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#8 CaveDweller2

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Posted 25 February 2014 - 03:21 AM

First, deal with your house and stuff....mold sucks big time.

 

Second, powering it on and off is not resetting it. There is a tiny hole normally near the power plug, you push something small enough in there and you'll feel a button, press it and hold it for a count of 5 or so or until the lights blink and release it. that is resetting it.

 

You don't need to reset it tho if you want to get into it. just plug a computer directly into the wireless router you can't surf into and do the ipconfig release/renew commands on that PC. that router will give you an IP address. it will also display it along with the Default Gateway that is the IP address you use to surf into the router So if your wired PC show an address of 192.168.1.x and the wireless router is giving out 10.0.0.x addresses you have to get a PC on the 10.0.0.x network...hence plugging into the router directly and release/renew the IP address to get a new one. 

 

Any time you plug a PC into another router that is doing DHCP you have to release/renew the IP address. 

 

So to recap, leave your Linksys router and modem alone. Plug a PC into the Netgear router, release/renew the IP, use the default gateway to surf in. 


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#9 Torvald

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Posted 01 March 2014 - 08:28 PM

Well, I experimented with my Netgear wireless router today, but no joy so far.

 

No matter what I do, it retains an IP address of 10.0.0.1, which I am not able to connect to.  Tried again to reset the router to factory default settings (using the little pinhole reset button), but it did not seem to reset any settings (which may have turned out good, since I no longer have a copy of the default SSID & wireless pasword).

 

I can connect our computers directly to the cable modem, and also thru my old wired Linksys router, but keep running into a dead end with my wireless router.  I can connect thru the LAN ports, using it as a simple switch, but cannot log on to the router firmware or get it to connect to the Internet via its WAN port to the cable modem.

 

Tried the ipconfig /release & /renew commands, but still - no joy.  Also tried a couple of software ways to remotely turn back on the DHCP mode of the wireless router, but that didn't work either.  The darn thing is just acting like a partial brick ever since I updated the firmware.  Rats!!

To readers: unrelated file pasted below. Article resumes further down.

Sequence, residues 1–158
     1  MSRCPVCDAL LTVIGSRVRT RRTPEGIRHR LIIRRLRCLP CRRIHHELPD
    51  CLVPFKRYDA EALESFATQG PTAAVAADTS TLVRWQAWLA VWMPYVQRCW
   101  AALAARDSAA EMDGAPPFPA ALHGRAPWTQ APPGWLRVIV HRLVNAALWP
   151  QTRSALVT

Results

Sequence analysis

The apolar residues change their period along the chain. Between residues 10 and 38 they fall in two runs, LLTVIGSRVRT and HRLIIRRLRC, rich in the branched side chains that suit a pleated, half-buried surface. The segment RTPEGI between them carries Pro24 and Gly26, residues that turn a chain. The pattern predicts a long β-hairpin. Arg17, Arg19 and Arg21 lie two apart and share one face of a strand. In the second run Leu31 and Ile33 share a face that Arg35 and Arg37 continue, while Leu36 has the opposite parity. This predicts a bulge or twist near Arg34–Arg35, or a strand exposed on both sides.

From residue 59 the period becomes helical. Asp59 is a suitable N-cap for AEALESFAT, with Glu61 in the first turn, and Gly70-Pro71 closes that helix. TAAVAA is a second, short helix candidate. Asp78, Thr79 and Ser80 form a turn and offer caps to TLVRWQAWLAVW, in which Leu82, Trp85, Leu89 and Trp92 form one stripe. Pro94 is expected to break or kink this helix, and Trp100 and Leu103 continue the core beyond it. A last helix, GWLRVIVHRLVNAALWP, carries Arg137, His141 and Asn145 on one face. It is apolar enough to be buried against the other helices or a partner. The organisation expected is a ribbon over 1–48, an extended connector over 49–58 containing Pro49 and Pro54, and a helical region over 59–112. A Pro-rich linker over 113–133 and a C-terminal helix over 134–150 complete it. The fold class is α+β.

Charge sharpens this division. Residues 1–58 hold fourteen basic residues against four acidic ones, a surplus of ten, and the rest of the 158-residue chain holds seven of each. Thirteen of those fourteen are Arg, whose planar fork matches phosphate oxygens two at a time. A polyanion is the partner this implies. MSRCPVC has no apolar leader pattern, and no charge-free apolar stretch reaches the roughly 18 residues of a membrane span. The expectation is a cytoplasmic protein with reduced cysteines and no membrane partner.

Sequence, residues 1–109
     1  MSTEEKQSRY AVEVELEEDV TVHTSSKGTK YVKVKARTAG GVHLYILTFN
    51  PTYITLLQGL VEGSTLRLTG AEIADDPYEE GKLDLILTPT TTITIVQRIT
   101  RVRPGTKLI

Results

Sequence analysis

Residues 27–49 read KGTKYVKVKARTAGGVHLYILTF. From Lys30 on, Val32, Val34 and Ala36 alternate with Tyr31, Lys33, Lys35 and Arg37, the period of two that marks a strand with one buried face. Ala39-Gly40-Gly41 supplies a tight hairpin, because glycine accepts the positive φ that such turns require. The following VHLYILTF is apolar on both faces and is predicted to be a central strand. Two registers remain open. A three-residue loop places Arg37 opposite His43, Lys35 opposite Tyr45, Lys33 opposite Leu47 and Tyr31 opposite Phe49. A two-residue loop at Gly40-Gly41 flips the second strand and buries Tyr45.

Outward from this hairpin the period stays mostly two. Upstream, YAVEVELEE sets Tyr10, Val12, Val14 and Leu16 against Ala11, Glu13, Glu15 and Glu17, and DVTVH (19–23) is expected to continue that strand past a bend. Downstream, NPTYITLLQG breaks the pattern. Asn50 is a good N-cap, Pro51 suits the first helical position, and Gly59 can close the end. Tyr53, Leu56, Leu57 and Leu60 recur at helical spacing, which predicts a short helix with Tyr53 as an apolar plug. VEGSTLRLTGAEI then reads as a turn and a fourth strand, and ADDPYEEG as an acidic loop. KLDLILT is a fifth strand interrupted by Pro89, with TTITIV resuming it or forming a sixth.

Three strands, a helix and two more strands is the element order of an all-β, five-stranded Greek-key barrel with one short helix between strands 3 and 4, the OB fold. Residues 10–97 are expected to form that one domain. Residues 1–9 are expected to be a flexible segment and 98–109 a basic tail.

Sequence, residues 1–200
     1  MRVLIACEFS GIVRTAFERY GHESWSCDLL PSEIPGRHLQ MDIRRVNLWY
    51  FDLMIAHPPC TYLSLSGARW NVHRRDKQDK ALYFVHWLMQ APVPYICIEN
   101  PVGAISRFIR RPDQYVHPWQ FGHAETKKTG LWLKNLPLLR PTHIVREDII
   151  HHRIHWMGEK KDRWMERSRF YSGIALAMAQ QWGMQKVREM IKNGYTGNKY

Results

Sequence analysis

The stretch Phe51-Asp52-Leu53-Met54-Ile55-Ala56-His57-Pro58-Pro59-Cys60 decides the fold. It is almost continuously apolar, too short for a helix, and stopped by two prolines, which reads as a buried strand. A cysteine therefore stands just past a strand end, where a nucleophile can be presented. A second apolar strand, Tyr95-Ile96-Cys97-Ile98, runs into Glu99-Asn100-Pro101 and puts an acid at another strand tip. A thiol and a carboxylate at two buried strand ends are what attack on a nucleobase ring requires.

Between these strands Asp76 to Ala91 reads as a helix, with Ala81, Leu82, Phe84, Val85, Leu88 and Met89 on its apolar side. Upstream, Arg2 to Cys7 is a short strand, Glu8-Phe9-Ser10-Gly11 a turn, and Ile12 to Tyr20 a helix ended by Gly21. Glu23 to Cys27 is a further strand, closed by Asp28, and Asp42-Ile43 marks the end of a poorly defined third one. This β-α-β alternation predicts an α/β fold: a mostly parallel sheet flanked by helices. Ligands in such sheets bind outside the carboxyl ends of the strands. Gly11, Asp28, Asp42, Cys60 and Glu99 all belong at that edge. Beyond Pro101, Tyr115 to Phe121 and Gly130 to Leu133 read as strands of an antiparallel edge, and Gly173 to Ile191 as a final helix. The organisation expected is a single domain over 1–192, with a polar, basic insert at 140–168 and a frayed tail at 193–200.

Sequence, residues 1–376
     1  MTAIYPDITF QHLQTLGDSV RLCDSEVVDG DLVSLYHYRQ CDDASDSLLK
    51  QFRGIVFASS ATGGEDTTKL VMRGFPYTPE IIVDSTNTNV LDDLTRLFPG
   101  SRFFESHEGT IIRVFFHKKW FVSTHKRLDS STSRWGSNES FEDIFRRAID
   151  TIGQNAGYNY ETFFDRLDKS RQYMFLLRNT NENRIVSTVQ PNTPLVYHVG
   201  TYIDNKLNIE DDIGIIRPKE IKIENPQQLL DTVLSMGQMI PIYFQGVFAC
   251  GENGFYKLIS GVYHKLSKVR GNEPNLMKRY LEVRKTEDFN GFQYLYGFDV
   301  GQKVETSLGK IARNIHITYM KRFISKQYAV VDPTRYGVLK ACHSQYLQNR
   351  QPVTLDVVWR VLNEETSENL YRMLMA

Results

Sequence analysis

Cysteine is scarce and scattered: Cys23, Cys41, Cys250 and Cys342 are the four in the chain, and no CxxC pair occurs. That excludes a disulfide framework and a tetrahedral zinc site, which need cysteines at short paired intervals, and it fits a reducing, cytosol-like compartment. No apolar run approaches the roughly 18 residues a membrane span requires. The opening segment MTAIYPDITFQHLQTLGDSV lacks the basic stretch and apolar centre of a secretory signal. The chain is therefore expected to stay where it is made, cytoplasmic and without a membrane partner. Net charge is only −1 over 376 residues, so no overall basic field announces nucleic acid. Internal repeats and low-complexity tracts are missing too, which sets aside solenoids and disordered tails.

At least it still works as a switch and a wireless access point, since I'd been able to set that up before updating the firmware.  Will just have to live with it in an "as is" functioning mode.  This should be good enough until someday in the future when we upgrade everything to 802.11ac or better.  (Even paid $140 to buy an identical replacement router, but subsequently took it back for a refund since I can live with the second router acting as a switch/wireless access point)

 

On a lighter note, I just discovered that my old wired Linksys BEFSR41 v2 router is not quite as fast as it was advertised.  It does have 4 LAN ports with 10/100 Mbps speed, but the WAN port is apparently limited to only 10Mbps speed, and it is not upgradeable.  Fortunately, I just found & purchased for only $15 a used Linksys BEFSR41 v4.3 router, which contains a 10/100 Mbps WAN port.  Since my ISP claims to be providing us with 15Mbps max downstream internet service, this should hopefully speed up our family's intenet access (once it getds here and is hooked up).

 

P.S.  Got the upstairs plumbing leak fixed for not too much money, but still need to have some of the bathroom cabinetry replaced where mold ate into it - that will probablty cost a bunch more, and is why I returned the replacement wireless router for a refund;  I'd rather spend the money elsewhere.  Too bad my carpenter brother-in-law isn't here to help; but he is now a long haul truck driver and just had a big accident in Boston (drove under a bridge lower than the top of his truck - ouch!)  In fact, we just had to wire him a bunch of money to help out, since it will take at least 2-1/2 weeks for his truck to get repaired.


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#10 CaveDweller2

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Posted 02 March 2014 - 08:58 AM